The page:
Alcoholics Anonymous

Jacob Brown

        Alcohol, to me, is like The Spice from “Dune.” It feels like it can prolong life, heightens awareness, and lets me see into the future, metaphorically, and is also highly addictive. That’s how it feels, at least.

        Admitting to myself that I had a possible addiction to alcohol was hard. It was easy for everyone except me to see. I would drink as soon as I could, go to bed drunk, wake up with a hangover, go to class, come back and drink and then repeat that cycle almost every day. Instead of doing my homework or trying to go out and talk to people, I would stay in my room and get drunk.

        Noticing the desk in my apartment was so cluttered with empty beer cans and a few bottles of Colt 45s, I decided to clean up my act and decide to quit cold turkey.

        It didn’t work and I fell back into the cycle the next day.

        Still deciding to get my act together I instead decided to give Alcoholics Anonymous a shot. I went to the California University Wellness Center on Feb. 10 to ask about alcohol support and was redirected to a guidance office. The counselor there helped me find a few places to go to an AA meeting in the Monongahela Valley.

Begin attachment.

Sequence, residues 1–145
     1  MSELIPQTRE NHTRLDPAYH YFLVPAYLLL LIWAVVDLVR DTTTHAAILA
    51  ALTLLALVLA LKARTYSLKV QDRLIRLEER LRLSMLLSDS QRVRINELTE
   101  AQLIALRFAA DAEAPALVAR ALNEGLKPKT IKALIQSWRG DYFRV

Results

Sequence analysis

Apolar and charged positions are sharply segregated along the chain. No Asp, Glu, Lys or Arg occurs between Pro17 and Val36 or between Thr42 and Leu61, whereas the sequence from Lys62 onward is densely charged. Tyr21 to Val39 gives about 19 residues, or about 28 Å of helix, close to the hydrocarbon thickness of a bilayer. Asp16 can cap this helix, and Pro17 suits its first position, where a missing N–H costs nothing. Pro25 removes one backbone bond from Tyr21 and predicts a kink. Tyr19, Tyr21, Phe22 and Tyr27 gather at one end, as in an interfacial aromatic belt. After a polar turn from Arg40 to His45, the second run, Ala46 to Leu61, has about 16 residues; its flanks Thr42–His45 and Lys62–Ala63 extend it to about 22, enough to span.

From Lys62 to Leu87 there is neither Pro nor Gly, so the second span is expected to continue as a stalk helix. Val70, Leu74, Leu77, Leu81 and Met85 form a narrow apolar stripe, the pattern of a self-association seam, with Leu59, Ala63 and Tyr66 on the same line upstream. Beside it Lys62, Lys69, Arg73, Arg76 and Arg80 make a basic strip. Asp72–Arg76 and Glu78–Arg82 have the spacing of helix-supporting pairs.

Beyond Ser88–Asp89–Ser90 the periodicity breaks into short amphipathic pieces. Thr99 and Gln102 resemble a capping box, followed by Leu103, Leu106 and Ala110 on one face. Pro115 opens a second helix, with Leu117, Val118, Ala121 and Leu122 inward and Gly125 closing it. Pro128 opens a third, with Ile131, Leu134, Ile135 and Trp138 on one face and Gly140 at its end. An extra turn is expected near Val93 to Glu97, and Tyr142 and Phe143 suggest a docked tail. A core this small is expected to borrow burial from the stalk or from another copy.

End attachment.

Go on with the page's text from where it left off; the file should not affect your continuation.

We found a meeting later that night at 6:30 p.m., but I got cold feet and ended up not going and got drunk instead. Then I got drunk again every other night that week.

        I went home for the weekend because I had to work and my mom found a place where they hold AA meetings near my house. It was held at a local church and is held every Sunday. I went to my first meeting on Feb. 16. I was really nervous and wondered if I had to pray.